Armor in StarCluster affects Chance. It always has, and it always will. I get flack every so often about this, and it has reared its ugly head again. Michael Scott and Randolph Allen are writing a StarCluster based Vampire game called Society of Night using the percentile variant, and in a phone conversation with Scotty yesterday, I found out he had been applying the percentage penalty which was supposed to be applied to Chance of Success (to hit in combat) to Quality of Success (damage in combat) - removing a percentage of the damage inflicted. When I informed him of the actual rules, he chuckled and said something about doing it the D&D way.
That is guaranteed to set me off on the Song and Dance! I never - ever - do anything just because that's the way something else did it, especially D&D. In fact, given my personal utterly burned out disinterest for anything D&D after running it for 20 years without a break, this decision was reached despite it being used in D&D.
I also did this - using armor this way - knowing it was intuitively wrong. Intuition says armor makes you take less damage. Thing is, the division into chance - AKA to hit in combat - and quality - AKA damage in combat - is not really there. it's just two aspects of a single thing. This division is a gaming distinction, a statistical abstraction. If your enemy's armor absorbs damage, you will be doing less damage over time. If you miss more often, you will be doing less damage over time. It's just a choice of presentation. A preference.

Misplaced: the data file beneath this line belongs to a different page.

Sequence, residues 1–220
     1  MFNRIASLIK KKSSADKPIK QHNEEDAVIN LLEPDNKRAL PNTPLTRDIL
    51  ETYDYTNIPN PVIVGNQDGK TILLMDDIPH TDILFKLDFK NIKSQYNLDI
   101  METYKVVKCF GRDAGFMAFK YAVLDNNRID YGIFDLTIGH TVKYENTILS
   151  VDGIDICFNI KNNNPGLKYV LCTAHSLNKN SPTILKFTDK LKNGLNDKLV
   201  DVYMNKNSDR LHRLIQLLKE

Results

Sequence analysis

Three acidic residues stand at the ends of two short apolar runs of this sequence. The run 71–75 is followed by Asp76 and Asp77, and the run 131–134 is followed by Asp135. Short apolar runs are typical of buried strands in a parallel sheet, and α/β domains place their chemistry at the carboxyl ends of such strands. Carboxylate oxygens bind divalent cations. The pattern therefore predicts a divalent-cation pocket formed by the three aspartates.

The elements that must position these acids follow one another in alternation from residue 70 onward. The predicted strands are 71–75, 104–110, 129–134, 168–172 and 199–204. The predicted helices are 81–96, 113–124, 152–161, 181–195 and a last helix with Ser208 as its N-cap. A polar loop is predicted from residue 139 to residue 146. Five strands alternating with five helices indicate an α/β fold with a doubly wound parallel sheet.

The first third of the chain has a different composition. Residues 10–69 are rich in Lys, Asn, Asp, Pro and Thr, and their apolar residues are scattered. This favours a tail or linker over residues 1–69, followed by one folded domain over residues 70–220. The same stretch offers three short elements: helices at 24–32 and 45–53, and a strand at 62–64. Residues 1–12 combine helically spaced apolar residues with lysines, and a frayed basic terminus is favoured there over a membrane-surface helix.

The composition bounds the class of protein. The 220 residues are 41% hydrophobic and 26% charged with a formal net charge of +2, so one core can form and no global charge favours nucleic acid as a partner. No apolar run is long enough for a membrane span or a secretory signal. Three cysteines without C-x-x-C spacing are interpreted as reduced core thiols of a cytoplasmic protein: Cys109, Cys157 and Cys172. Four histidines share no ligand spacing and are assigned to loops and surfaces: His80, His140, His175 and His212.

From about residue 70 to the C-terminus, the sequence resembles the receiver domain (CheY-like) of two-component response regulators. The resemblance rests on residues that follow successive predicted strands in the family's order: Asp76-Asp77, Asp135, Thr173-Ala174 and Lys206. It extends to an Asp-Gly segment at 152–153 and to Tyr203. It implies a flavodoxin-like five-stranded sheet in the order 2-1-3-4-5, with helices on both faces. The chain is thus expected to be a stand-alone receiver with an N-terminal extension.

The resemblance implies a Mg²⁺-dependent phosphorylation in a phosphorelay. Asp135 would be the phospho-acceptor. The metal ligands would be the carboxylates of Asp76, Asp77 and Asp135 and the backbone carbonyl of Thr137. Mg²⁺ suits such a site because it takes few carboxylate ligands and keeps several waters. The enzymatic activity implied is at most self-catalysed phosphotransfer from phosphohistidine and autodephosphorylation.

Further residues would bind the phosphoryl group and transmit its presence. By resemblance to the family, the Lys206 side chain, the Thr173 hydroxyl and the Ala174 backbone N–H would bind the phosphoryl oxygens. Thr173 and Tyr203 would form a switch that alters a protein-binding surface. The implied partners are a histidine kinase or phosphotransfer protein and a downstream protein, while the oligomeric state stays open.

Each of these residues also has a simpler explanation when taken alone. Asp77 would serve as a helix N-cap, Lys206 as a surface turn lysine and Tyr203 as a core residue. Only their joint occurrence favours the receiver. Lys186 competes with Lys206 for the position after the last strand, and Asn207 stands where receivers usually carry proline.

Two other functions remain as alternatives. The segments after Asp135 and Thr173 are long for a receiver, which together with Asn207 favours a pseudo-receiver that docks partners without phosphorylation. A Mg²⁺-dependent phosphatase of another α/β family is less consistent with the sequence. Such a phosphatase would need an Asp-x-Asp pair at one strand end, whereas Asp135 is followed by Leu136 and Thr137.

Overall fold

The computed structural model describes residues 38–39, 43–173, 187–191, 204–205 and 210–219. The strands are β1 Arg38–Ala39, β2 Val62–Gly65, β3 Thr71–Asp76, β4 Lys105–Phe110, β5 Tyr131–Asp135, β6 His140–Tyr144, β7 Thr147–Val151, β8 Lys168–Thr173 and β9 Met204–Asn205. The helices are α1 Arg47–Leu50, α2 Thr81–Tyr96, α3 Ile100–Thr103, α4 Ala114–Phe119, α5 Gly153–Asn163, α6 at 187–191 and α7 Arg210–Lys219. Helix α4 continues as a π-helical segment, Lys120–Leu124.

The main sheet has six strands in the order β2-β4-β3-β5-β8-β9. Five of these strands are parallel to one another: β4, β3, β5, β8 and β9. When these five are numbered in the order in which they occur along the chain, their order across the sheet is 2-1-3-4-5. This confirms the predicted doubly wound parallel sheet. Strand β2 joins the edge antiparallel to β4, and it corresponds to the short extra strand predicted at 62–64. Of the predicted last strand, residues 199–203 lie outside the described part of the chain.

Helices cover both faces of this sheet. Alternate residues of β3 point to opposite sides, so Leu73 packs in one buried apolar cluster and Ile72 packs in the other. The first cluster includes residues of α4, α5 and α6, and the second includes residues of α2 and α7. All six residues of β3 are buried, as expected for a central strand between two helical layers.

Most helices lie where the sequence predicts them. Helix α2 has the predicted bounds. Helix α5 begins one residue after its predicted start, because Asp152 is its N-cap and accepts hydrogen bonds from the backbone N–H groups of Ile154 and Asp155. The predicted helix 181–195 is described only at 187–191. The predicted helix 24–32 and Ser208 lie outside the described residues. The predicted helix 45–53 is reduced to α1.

The design decision to put that diminution of damage into the chance roll is so the modifier can be pre-loaded, resulting in less calculation and handling, and quicker combat resolution. It is the choice I made, it works, and I'm happy with it. It irritates some people because it is intuitively wrong, but that doesn't mean it actually is wrong.
StarCluster is a heavily abstracted system. This is just one more example of that abstraction. When you are in a firefight in StarCluster, you are not just firing one or two bullets per minute. In every firefight, the vast majority of shots do not hit. In actuality, you are pumping off a hell of a lot of bullets which go flying around, not hitting anything important. In the system, I abstracted out the majority which aren't going to hit, and focused only on those few which have a decent chance of hitting. Rather than tracking every maneuver and establishing a precise modifier for it, I dumped all the maneuvering into an abstraction of trading points. This is a design decision to enhance other aspects of play.
I have made this point what seems like a million times since I released StarCluster 1E eight years ago. Some people are fine with it, some people don't like it but accept it, and some people refuse to accept it. After 8 years I just shrug and move on. You can't please all the people.